Tuesday, October 04, 2011

Enjoy Halloween despite allergies, asthma

Pumpkin patches may be dusty and
moldy, which are allergy triggers.
The American College of Allergy, Asthma and Immunology (ACAAI) has released a list of six triggers that may help parents of asthmatic or allergic children breathe a little easier when Halloween comes around.

The organization warns that the dangers go beyond nut-filled candy and that allergy and asthma triggers can hide in unexpected places.

They recommend planning ahead, being aware of the hidden triggers and taking the necessary precautions to keep Halloween reaction-free.

  • Beware of hidden triggers in treats – it’s not only nuts in chocolates you should be concerned about; many candies contain gelatin, another potential trigger. The experts suggest getting your child tested for allergies, developing a food allergy treatment plan, and swapping sweets for some non-candy treats such as stickers and small toys to keep the fun-level high.
  • Reuse costumes? Yes, but be careful of allergens - Halloween costumes that have been stored for a long time can harbor dust mites, which in turn often trigger asthma and allergies. Wash them in hot water first.
  • Forgo the fog – Fog machines may be fun, but it has been shown to trigger asthma in some individuals.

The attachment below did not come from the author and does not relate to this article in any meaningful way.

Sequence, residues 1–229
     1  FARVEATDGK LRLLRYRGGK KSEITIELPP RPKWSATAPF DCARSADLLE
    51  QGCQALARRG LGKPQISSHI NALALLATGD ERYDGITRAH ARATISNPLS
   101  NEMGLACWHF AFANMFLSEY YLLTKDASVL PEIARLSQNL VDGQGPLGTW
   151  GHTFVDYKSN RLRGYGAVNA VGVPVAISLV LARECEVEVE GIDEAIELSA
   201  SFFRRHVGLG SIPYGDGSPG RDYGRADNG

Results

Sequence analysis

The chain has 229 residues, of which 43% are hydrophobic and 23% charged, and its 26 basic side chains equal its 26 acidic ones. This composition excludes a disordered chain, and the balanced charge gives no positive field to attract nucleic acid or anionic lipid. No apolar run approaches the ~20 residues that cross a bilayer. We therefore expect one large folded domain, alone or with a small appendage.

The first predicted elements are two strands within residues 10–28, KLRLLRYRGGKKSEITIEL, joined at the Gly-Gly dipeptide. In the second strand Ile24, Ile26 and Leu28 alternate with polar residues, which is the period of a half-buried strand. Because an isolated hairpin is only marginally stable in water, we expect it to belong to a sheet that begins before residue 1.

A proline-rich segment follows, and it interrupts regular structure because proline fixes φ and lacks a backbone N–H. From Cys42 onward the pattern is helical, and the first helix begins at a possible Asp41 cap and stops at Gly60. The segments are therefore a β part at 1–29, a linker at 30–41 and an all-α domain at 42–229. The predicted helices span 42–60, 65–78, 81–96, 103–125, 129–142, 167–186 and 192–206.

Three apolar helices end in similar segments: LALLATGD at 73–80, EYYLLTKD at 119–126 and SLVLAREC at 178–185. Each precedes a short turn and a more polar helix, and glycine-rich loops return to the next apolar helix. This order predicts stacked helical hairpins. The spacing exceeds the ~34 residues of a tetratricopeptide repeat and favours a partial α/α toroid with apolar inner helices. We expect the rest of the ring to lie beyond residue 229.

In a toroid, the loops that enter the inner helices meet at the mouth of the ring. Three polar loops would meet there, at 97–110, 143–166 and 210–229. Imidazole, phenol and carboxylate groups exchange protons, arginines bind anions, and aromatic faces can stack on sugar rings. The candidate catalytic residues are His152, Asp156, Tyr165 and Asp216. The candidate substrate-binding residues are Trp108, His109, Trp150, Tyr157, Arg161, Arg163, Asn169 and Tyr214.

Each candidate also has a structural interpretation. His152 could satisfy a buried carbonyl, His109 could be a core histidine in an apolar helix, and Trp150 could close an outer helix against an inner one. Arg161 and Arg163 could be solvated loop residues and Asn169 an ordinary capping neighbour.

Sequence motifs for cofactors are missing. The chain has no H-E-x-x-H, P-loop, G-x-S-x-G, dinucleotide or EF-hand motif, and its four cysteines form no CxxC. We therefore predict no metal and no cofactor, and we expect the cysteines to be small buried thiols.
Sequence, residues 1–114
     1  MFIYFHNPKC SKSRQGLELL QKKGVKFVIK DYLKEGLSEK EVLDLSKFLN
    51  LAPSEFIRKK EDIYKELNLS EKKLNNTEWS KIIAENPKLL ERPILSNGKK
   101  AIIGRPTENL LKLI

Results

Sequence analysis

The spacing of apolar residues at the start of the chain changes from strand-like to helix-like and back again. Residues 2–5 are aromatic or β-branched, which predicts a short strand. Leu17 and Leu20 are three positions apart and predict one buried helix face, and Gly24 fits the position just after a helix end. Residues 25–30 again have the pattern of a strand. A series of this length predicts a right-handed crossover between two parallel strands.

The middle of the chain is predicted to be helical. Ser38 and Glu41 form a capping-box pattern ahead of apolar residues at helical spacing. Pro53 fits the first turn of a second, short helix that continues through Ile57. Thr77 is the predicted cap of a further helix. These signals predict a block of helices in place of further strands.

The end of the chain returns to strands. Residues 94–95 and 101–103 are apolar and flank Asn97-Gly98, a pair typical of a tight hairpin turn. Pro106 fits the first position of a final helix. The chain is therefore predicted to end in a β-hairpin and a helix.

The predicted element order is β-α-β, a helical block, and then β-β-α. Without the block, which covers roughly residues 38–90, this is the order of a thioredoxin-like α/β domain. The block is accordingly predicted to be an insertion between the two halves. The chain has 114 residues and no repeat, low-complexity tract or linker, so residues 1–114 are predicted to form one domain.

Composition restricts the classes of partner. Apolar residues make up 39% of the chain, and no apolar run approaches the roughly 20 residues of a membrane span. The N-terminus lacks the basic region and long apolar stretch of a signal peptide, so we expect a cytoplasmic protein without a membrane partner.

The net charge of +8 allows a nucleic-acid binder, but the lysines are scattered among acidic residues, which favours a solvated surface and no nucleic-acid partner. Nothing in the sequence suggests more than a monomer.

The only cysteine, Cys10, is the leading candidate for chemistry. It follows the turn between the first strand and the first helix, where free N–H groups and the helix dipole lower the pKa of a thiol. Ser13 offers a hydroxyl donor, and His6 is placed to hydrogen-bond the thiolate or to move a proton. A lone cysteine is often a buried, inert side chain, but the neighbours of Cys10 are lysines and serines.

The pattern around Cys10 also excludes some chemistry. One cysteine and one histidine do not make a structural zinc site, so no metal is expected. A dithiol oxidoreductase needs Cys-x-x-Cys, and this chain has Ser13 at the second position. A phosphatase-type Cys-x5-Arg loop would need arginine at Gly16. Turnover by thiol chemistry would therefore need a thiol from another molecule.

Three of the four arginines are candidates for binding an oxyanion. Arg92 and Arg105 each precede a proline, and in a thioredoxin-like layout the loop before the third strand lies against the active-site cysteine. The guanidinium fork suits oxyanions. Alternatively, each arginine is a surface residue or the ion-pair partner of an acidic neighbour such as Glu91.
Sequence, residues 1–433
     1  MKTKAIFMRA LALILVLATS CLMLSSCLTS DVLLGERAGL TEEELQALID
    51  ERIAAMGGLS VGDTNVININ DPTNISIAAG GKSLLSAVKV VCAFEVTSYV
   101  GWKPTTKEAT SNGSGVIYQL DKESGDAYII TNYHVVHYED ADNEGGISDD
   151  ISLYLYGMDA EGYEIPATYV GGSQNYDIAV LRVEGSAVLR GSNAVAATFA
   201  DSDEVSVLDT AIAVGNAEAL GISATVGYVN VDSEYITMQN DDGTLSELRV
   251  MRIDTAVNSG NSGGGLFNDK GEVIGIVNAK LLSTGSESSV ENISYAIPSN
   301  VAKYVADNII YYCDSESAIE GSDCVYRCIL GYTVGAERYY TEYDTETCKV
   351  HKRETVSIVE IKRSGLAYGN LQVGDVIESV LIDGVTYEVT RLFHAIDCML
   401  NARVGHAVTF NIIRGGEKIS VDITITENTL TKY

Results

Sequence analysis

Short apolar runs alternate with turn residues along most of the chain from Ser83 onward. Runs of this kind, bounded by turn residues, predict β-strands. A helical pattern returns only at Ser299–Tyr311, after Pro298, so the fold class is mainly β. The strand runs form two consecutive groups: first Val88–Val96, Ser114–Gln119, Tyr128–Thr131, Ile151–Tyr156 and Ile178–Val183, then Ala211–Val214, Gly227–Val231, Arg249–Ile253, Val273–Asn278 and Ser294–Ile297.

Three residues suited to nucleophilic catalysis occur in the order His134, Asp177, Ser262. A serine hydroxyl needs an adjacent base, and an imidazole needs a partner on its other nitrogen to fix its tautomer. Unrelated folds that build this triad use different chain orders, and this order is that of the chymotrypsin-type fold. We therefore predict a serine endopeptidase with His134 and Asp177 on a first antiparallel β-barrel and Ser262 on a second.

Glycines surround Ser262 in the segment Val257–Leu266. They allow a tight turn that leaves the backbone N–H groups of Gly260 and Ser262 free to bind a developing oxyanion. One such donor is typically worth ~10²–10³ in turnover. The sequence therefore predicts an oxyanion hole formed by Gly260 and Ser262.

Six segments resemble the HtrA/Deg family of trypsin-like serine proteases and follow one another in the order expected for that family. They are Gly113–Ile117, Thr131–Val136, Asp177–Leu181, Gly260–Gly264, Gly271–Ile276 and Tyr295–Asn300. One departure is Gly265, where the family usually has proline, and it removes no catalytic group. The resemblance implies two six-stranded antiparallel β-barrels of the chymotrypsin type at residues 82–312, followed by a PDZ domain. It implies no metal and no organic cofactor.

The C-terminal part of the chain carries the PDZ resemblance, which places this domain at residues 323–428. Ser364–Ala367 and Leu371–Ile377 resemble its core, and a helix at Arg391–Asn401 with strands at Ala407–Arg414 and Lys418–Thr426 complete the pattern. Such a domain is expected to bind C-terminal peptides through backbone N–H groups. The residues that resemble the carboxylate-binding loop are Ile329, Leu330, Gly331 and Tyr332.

• Check the costume details – Many costume accessories are made out of nickel, one of the most common contact allergy causing materials that can make skin itchy and spoil the fun.
  • Master the makeup – If your child is prone to allergies, the experts suggest opting for better-quality theatre makeup rather than the cheap stuff that is readily available, since the latter can contain preservatives that may cause allergic reactions. You can test the makeup on a small area of skin at least a week in advance of Halloween, since reactions can be slow to appear.
  • Be careful about pumpkins – The allergy experts warn that pumpkin allergies can pop up suddenly and that many pumpkin patches are moldy and dusty, which are allergy triggers for some people.
For more information on asthma and allergies in children, or to find an allergist near you, visit www.AllergyAndAsthmaRelief.org.

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